Spencer’s use of swimmed is a common but intriguing utterance that gives us an insight into childhood language acquisition. It is highly unlikely that he had ever heard the construction from either his parents or his articulate seven-year-old brother. It’s possible he might have picked it up from one of his four-year-old friends but, more likely, it was an illustration of a young and flexible mind’s ability to generate grammar rules and then apply them in conversation. In this case, Spencer is likely to have intuitively noticed the pattern of regular past formation with ‑ed, in words such as walked (but not run/ran), talked (but not speak/spoke), and napped (but not sleep/slept). He then naturally—and experimentally—applied the formula to the word swim.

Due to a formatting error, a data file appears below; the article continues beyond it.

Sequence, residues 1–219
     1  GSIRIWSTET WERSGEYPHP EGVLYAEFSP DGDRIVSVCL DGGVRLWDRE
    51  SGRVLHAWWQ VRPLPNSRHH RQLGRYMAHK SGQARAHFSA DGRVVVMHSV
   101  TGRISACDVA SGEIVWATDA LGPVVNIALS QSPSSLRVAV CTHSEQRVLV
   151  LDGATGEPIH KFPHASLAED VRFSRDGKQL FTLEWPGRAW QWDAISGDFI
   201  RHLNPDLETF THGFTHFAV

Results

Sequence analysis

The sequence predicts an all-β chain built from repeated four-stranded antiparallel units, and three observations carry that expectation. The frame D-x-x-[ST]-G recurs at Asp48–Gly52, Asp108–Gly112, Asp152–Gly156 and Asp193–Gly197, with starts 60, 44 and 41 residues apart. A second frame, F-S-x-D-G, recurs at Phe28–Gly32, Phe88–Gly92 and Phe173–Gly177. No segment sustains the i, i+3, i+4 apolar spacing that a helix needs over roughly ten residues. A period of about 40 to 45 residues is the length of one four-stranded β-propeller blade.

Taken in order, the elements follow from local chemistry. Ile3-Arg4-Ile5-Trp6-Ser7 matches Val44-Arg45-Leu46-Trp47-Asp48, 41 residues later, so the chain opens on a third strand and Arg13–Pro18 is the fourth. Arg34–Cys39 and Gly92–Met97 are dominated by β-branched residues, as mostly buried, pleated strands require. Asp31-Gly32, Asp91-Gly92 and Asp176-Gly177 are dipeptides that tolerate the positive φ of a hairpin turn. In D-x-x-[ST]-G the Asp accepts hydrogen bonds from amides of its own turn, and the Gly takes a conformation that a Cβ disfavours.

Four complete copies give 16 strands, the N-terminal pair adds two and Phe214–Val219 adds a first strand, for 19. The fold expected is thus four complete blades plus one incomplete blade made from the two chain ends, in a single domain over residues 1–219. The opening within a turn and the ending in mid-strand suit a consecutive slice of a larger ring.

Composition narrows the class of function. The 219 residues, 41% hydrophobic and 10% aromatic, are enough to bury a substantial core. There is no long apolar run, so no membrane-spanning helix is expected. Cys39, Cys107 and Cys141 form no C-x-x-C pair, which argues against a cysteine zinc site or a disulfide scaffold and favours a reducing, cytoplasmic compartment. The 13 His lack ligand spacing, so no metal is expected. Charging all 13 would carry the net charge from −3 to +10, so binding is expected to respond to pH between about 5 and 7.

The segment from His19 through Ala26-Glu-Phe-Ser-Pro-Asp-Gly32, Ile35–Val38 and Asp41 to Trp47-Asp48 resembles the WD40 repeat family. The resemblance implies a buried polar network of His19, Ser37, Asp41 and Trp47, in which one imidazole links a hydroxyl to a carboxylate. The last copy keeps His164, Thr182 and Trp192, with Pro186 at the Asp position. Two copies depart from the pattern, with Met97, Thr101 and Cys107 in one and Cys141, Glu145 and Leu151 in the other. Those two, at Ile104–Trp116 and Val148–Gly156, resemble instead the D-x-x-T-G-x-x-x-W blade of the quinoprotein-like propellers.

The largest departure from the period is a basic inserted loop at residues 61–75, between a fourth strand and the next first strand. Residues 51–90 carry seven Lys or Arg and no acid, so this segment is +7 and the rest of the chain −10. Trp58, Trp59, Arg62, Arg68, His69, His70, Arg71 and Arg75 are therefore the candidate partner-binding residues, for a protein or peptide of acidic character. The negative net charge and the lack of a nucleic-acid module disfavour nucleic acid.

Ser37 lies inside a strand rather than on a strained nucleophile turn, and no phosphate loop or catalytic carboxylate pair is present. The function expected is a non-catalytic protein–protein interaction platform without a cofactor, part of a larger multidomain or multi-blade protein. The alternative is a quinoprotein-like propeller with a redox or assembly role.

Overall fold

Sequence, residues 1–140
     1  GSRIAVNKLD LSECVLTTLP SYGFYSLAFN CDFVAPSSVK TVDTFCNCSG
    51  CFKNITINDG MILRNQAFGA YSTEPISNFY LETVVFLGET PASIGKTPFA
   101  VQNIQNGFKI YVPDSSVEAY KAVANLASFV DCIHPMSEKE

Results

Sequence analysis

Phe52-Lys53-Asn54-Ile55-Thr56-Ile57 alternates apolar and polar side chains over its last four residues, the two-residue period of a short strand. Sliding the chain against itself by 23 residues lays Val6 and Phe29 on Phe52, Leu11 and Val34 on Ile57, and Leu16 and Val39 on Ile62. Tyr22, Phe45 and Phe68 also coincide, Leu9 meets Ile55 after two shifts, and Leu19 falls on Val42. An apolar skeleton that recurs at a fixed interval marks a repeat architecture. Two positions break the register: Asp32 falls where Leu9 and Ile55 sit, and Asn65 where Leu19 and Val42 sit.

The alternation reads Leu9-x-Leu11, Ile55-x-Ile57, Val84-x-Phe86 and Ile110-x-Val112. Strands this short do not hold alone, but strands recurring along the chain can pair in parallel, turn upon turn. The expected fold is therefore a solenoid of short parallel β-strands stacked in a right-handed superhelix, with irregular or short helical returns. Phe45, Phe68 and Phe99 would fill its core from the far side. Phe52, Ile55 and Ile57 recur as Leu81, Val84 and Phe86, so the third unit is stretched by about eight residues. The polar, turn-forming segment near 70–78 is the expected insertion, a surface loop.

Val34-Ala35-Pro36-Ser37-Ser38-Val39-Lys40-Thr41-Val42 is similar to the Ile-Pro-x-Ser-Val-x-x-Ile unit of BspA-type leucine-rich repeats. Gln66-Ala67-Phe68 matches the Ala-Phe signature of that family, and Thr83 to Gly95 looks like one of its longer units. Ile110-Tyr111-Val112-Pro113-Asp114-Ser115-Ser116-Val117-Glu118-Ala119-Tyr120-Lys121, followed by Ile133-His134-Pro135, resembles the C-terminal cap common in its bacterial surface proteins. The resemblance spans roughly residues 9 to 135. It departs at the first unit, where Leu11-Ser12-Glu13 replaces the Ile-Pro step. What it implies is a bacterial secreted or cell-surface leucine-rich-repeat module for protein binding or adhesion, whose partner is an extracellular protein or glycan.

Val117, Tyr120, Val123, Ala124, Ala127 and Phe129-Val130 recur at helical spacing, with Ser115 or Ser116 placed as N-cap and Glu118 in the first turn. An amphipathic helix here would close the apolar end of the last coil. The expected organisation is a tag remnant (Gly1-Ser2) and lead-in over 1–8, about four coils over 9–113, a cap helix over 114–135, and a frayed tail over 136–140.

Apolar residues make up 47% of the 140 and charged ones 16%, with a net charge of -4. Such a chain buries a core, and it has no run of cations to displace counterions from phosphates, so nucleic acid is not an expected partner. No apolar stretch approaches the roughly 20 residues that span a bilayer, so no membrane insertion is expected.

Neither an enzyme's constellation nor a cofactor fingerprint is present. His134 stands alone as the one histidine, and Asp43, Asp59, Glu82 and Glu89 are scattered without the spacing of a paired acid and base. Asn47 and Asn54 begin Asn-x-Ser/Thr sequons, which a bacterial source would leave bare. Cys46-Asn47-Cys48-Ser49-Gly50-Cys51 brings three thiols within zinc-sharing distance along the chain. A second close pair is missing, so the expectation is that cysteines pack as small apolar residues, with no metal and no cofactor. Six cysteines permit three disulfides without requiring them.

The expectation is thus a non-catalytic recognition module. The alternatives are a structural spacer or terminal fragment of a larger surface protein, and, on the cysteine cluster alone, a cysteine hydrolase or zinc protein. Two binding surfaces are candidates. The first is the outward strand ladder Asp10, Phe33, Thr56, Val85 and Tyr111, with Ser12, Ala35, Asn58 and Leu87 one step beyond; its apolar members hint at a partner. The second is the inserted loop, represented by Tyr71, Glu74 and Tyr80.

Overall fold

But was the resulting utterance a mistake or an error?

Mistakes and errors seem like interchangeable terms but, in linguistic terms, they are quite different. Even the most competent native speakers make countless mistakes in the course of a day’s speech. Often referred to as slips of the tongue, these mistakes tend to be mispronunciations or grammatical lapses that native speakers immediately know are wrong. We mispronounce words when we’re tired, or interrupted, or are speaking more quickly than the speed of thought; our brains and tongues are not in sync.

Similarly, grammatical lapses often occur because we begin saying one thing, and then our thoughts are diverted and we end by saying something else. Typical of this type of mistake are subject-verb agreement issues (Give me one or two apple—I mean apples.). Other common errors are article mistakes (I want the book—I mean, a book.), or preposition mistakes (Get in—I mean on—the bus.). Self-correction is so common that it has its own linguistic label: repair.